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BATTERY: What is the intended consequence of battery?

Harmful/offensive contact

ASSAULT:

DEFAMATION:

RULE: In order to make a Prima Facie Case for assault, P must show that D intentionally caused an IMMINENT APPREHENSION of a RULE: In order to make a Prima Facie case for HARMFUL/OFFENSIVE CONTACT with the Battery, the P must show that D INTENTIONALLY caused a HARMFUL/OFFENSIVE CONTACT with the person of another.

To make a prima facie case for defamation, the plaintiff must show that the defendant make a defamatory statement of concerning the plaintiff which was published to a third party and that plaintiff suffered special damages. Defamatory statement Of or concerning plaintiff person of P ELEMENTS: Published 3 ELEMENTS OF BATTERY: 1. Intent Special damages a. D has intent for BATTERY or 1. Intent Damages were presumed for libel and slander per se b. D intends to make P think a BATTERY IS 2. Harmful/Offensive contact DEFENSES IMMINENT. 3. With plaintiffs person 2. Imminent Conditional Priveleges Ps person includes anything so connected to the body a. Ds future plan and hypothetical threats Absolute Privileges has to be customarily regarded as part of the others are NOT imminent. Constitutional priveleges person. 3. Apprehension IS THE STATEMENT DEFAMATORY? a. Ps apprehension must be reasonable OR OTHER FACTORS AFFECTING INTENT OF What specific facts (if any) are impliedly or expressly asserted? D must know of Ps hypersensitivity. BATTERY: Are the express or implied facts provably false? 4. Harmful/offensive contact 1. if the defs contact was unlawful a. It is harmful/offensive if a reasonable Not provably false: hyperbole, general insults, figurative language, parody, jokes opinions that are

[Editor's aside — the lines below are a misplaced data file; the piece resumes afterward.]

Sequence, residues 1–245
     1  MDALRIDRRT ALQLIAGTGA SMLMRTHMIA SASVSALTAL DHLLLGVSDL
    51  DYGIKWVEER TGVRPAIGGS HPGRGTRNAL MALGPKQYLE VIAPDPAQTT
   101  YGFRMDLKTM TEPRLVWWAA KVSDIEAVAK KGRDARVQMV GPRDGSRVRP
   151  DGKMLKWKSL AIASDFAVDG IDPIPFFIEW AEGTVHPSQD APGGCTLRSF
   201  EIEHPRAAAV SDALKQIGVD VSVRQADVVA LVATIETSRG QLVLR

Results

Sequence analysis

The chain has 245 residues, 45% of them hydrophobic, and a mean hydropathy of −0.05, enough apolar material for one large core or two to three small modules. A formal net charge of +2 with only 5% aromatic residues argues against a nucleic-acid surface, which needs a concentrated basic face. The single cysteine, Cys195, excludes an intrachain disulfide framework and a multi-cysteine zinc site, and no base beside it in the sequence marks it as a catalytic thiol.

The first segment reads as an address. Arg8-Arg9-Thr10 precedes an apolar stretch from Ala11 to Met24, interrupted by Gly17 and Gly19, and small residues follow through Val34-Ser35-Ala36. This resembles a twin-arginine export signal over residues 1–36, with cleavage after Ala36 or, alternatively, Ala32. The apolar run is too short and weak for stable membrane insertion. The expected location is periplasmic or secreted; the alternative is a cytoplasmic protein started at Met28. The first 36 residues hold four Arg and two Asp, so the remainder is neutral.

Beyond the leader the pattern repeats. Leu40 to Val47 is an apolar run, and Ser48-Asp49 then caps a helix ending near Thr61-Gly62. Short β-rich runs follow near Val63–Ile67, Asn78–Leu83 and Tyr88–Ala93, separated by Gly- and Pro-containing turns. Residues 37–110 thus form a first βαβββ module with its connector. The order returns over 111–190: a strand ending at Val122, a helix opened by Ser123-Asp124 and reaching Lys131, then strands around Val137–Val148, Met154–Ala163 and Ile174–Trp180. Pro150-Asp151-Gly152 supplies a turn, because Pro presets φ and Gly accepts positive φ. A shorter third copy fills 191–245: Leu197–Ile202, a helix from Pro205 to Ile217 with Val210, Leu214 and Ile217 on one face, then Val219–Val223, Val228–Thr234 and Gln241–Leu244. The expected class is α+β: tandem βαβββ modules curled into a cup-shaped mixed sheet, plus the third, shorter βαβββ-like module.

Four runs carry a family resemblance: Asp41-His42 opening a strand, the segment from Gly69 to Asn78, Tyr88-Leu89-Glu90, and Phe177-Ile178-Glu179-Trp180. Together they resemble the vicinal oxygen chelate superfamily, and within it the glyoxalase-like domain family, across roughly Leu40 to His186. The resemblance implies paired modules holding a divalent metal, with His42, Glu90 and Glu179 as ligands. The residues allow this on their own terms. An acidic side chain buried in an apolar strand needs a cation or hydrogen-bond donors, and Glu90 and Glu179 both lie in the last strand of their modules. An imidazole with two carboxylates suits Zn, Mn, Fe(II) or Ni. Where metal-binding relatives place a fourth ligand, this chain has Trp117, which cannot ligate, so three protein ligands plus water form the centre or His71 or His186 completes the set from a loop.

2. if the defs contact has consent to the contact. FALSE IMPRISONMENT: person would think so. 5. Person of another

False Imprisonment- conduct by actor which is INTENDED CONSEQUENCE: intended to, and does in fact, confine another within 1. To cause harmful/offensive contact boundaries fixed by the actor were, in addition, the 2. Apprehension of harmful/offensive contact victim is either conscious of confinement or is harmed RANDOM ASSAULT RULES: by it 1. Actual physical force is not required; implicit (false Another way to look at the Intended Consequence: assertion of lawful authority to confine) or explicit TRESPASS TO LAND: threats of physical force are enough One is subject to liability to another for trespass if 2. McCann v. Wal-Mart- P and children told they cant he intentionally: leave store b/c employees thought children were 1. Enters the land in the possession of another, ones who had been shoplifting week before; false or causes a thing or a third person to do so, imprisonment or 3. Exception- shopkeepers privilege- with reasonable 2. Remains on the land, or basis to believe that someone has shoplifted from 3. Fails to remove from the land a thing which store, owner may stop them until reasonable he is under a duty to remove (R.2d 158) investigation into incident has occurred INTENT is satisfied if D voluntarily enters anothers NECESSITY: land. the privelege of necessity: REMEMBER only the person in possession of the Private necessity: land can bring a lawful claim for trespass. In an emergency threatening ones person or property, one is preveleged to tresoass and even damage the others property if reasonable necessary But the person evoking the privelege must pay for any actual damage caused by the act. PUBLIC NECESSITY: In an emergency threatening the person or property of asubstantial number of peple, one is privileged to trespass and even damage the others property is reasonably necessary. And the person evoking the privelege DOES NOT have to pay for any actual damage. BOTH PRIVELEGES: These are privlegges so: If the owner interferes the owner is liable for harm he causes and The person invoking the provelege can defend herself and property from the owner BUT WAIT: You cant evoke the privlege if you caused the emergency. IIED: 1. 3 elements TRESPASS TO CHATTELS AND CONVERSION: Intention interference with Ps possession of personal property so significant that D should pay the full value of the property. SIMILARITIES: Intent to exercise dominion or control of plaintiffs possession of personal property. DIFFERENCES: 1. DAMAGES: TTC: Get stuff back, damages, damage to property, rental value for time. CONV: Get full value of the property + consequential damages. 2. INTERFERENCE: TTC: Must be some interference more than a few minutes, plaintiff must suffer CONV: There must be significant interference regardless of Ps harm. CONSENT: